Largest GWAS (N=1,126,563) of Alzheimer's Disease Implicates Microglia and Immune Cells
Douglas P Wightman,
Iris E Jansen,
Jeanne E Savage,
Alexey A Shadrin,
Bendik S Winsvold,
Ole Kristian Drange,
Amy E Martinsen,
Anne Heidi Skogholt,
Jonas Bille Nielsen,
Laurent F. Thomas,
Linda M Pedersen,
Maiken E Gabrielsen,
Marianne Bakke Johnsen,
Tore Wergeland Meisingset,
23andMe Research Team,
Lea K. Davis,
Chandra A. Reynolds,
Ida K. Karlsson,
Palmi V Jonsson,
Sigrid B. Sando,
Ole A. Andreassen,
Posted 23 Nov 2020
medRxiv DOI: 10.1101/2020.11.20.20235275
Posted 23 Nov 2020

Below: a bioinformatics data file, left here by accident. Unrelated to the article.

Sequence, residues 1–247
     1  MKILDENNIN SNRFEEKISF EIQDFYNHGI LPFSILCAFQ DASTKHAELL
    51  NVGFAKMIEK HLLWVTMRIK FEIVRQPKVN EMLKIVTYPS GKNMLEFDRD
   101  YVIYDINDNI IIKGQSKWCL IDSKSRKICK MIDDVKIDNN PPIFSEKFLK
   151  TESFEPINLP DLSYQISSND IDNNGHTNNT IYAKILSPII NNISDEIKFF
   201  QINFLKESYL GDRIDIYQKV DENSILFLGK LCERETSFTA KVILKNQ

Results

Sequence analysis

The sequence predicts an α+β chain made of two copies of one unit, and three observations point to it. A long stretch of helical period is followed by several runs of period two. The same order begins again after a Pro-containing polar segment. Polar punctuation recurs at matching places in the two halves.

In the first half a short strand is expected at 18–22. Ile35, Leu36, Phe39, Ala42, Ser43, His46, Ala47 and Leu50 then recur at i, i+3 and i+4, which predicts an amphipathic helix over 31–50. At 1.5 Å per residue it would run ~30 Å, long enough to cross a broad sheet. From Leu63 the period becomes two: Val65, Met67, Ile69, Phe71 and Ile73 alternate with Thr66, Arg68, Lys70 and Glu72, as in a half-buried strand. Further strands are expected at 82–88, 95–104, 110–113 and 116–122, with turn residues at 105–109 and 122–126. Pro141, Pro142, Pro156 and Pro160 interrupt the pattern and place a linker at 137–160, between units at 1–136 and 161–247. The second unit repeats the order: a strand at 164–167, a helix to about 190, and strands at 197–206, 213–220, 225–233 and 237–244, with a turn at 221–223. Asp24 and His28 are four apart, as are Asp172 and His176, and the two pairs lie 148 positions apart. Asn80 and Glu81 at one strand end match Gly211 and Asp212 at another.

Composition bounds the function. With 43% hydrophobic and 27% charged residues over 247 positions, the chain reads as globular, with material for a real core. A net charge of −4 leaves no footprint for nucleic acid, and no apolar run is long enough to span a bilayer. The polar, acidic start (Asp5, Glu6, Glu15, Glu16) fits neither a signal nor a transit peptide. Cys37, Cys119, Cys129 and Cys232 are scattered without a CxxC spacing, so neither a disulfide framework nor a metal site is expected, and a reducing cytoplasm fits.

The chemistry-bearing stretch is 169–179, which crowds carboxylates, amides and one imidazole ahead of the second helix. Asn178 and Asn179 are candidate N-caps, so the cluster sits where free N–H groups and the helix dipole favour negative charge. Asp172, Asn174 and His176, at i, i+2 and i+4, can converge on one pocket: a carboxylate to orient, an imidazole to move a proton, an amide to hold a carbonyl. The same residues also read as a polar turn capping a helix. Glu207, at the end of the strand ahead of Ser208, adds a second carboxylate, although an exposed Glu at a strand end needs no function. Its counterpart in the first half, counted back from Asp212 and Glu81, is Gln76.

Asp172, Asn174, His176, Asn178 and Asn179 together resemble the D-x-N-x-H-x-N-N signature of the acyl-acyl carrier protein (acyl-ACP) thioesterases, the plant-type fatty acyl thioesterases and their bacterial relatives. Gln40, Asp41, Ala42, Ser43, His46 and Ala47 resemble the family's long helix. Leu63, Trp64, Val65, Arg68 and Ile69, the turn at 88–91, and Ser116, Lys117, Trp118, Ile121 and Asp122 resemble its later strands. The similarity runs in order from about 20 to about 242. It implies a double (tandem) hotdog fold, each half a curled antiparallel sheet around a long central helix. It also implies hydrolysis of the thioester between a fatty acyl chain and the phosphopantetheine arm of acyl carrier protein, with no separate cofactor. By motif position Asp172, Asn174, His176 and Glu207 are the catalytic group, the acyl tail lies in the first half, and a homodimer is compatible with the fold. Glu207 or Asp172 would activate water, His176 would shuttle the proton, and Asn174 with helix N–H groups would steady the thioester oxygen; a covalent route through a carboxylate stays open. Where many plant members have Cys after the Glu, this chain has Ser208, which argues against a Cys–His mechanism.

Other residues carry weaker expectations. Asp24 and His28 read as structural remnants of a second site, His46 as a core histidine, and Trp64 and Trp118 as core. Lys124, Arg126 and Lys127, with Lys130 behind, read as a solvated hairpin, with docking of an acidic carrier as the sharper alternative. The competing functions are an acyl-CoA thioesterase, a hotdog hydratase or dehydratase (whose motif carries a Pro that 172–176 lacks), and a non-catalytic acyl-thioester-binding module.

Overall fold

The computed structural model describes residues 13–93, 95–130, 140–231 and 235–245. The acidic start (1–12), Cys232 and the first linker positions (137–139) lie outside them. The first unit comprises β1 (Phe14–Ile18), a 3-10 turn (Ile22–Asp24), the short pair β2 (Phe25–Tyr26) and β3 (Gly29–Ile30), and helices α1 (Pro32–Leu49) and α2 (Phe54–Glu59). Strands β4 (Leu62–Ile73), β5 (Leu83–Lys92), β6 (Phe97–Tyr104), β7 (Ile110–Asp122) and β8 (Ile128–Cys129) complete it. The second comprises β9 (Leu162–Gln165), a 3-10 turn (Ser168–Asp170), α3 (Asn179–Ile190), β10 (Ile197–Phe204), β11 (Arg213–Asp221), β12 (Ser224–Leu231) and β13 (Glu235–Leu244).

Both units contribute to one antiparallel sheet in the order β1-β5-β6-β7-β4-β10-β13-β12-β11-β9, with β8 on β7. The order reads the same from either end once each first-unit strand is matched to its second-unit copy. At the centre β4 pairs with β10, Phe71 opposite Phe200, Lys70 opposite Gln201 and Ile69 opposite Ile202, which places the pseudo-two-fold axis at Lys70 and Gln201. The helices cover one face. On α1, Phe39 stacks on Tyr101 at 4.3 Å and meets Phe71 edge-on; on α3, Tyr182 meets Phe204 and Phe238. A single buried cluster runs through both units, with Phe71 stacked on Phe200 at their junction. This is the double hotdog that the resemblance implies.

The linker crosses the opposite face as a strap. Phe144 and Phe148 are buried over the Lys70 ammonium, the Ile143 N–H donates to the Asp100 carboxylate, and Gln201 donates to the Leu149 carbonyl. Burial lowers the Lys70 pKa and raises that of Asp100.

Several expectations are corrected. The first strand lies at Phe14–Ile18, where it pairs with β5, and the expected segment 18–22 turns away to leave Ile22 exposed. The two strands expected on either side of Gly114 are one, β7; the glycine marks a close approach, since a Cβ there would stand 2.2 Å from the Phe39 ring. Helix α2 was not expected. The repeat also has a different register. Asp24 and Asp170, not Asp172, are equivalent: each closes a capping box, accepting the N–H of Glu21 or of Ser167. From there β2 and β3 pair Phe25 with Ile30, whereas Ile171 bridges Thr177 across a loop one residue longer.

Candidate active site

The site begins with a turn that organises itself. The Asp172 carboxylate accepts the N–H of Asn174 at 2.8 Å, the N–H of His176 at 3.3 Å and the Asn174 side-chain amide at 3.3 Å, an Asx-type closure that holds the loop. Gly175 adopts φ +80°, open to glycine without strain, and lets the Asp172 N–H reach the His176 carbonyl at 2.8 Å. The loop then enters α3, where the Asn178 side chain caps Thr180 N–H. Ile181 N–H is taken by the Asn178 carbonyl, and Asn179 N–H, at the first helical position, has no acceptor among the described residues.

Late-onset Alzheimers disease is a prevalent age-related polygenic disease that accounts for 50-70% of dementia cases1. Late-onset Alzheimers disease is caused by a combination of many genetic variants with small effect sizes and environmental influences. Currently, only a fraction of the genetic variants underlying Alzheimers disease have been identified2,3. Here we show that increased sample sizes allowed for identification of seven novel genetic loci contributing to Alzheimers disease. We highlighted eight potentially causal genes where gene expression changes are likely to explain the association. Human microglia were found as the only cell type where the gene expression pattern was significantly associated with the Alzheimers disease association signal. Gene set analysis identified four independent pathways for associated variants to influence disease pathology. Our results support the importance of microglia, amyloid and tau aggregation, and immune response in Alzheimers disease. We anticipate that through collaboration the results from this study can be included in larger meta-analyses of Alzheimers disease to identify further genetic variants which contribute to Alzheimers pathology. Furthermore, the increased understanding of the mechanisms that mediate the effect of genetic variants on disease progression will help identify potential pathways and gene-sets as targets for drug development.
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